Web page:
For non-apps, I do not see the benefit to page prefetching and in-browser navigation. Visitors to a blog most likely arrived via a google search or a link and are interested in only that one page. Therefore priority number one should be loading the initial page as quick as possible so they can see the content. I do not understand why there would be a significant focus on prefetching and navigation – content is king, let’s focus on getting that in front of the user as fast as possible.

To address lazy loading images – I have good news, browsers natively can lazy load images without any JS as shown below

<img src="my-img.jpg" loading="lazy" />

70% of all users’ browsers support lazy loading images. This percentage will only increase in time, and while 70% is not as comfortable as 90, 95, or 99%, when working with a side project, if a majority of your users can take advantage of an emerging standard then I’m happy to drop the JS.

The Gatsby team isn’t blind to natively supported lazy load images as they will also tack on loading="lazy" (or is it via a plugin?) to the generated page.

I’m satisfied with how I’ve addressed their need for JS, and how it’s not as widely applicable as they imagine. Though, interestingly, it also sounds like Gatsby advertises that it is faster than any equivalent site: from the creator of Gatsby:

PWAs are faster and use less data than a normal website. It’s a bit counterintuitive but in 2017, removing JavaScript makes your site slower and waste more data.

The quote is a bit dated, but I don’t think the author has changed opinions. The quote seems to be implying that all sites should be PWAs. A List Apart’s “Yes, That Web Project Should Be a PWA” agrees with that sentiment, though it acknowledges that PWA’s “oft-touted ‘major’ benefits […] are less applicable” for such a simple site like SFF.life. So when a site requires zero javascript, introducing javascript strictly for PWA seems like a inefficient use of my time and the visitor’s resources.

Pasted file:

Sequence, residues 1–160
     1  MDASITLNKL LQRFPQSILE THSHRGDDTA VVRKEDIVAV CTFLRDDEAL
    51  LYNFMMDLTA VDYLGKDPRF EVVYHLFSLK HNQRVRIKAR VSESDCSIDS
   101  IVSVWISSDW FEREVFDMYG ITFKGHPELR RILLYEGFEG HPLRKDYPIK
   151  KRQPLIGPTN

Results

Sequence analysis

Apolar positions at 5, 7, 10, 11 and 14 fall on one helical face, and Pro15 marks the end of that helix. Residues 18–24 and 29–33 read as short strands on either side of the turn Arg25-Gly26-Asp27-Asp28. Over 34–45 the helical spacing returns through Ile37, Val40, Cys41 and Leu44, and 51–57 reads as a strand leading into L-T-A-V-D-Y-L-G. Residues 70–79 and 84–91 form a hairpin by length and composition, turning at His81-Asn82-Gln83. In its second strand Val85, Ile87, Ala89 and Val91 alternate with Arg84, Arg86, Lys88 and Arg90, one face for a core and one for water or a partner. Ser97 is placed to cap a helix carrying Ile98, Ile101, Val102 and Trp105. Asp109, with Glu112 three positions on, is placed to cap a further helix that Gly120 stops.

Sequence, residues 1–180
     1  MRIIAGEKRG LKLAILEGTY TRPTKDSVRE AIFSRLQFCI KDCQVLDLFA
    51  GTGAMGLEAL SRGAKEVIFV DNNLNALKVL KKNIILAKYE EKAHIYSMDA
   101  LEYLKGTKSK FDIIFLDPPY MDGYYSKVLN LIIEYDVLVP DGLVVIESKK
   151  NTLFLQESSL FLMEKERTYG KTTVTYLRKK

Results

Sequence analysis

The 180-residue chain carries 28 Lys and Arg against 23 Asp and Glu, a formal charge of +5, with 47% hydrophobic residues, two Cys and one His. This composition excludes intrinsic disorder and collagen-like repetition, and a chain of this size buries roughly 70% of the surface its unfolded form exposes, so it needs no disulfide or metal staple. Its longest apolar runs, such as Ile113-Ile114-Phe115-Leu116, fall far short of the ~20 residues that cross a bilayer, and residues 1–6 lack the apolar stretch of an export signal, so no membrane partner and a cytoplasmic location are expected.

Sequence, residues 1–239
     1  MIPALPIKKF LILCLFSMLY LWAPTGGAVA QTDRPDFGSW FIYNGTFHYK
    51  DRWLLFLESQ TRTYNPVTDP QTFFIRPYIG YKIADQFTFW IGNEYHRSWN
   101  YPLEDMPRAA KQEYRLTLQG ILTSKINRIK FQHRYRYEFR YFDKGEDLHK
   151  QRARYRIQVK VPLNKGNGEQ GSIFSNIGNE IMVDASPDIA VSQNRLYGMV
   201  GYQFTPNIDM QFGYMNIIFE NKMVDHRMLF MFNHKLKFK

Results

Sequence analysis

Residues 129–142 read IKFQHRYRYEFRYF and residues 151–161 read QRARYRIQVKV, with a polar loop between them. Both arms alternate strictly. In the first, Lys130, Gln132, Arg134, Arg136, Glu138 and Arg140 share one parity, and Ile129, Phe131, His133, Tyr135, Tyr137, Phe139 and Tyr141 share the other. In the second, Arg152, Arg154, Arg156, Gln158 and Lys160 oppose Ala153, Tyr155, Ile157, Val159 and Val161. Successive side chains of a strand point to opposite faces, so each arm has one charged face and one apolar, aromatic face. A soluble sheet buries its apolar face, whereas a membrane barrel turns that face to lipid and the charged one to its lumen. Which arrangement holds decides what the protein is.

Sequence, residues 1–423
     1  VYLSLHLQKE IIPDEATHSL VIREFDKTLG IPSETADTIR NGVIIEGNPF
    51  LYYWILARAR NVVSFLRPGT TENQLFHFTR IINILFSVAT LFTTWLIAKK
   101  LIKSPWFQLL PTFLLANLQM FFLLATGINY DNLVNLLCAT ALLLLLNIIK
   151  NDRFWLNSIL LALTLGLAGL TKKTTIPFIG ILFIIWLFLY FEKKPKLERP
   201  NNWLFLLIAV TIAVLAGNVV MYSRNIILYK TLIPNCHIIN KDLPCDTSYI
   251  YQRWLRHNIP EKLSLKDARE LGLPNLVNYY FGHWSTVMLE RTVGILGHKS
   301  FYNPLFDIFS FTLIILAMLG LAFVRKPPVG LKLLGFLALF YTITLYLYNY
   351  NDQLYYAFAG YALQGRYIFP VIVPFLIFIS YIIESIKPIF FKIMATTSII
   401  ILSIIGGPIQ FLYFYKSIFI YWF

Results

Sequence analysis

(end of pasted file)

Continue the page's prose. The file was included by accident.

I also am struggling to follow the second half of that statement, “removing JavaScript makes your site slower and waste more data”. I wish the Gatsby creator elaborated or provided a link because intuitively if I serve a page to a visitor who is only ever going to visit once and this page is as small as possible (no js, inlined css, lazy loading images, etc), then adding anything at all will, by definition, make the site slower and consume more data.

I also have a hypothesis that executing javascript is more draining on the battery than not executing it. To me this seems like an obvious statement (doing something should be more taxing than doing nothing). On the topic of javascript and batteries, recently Chromium announced consideration in throttling javascript timers of background tabs to conserve battery. While I believe Gatsby doesn’t use the affected APIs, it’s undeniable that javascript does have a tangible effect on batteries.

Dependencies

To do anything in Gatsby, a plethora of plugins are needed. Sff.life, as simple as it is (a point I can’t stress enough), needed 21 direct dependencies. These 21 dependencies explodes into a 21k line package-lock.json. A large lockfile seems unmanageable, as one of the recommendations for mitigating vulnerabilities introduced via lockfiles is to “Carefully review changes to lockfiles”, but that won’t be happening to a 21k line file that is for a side project.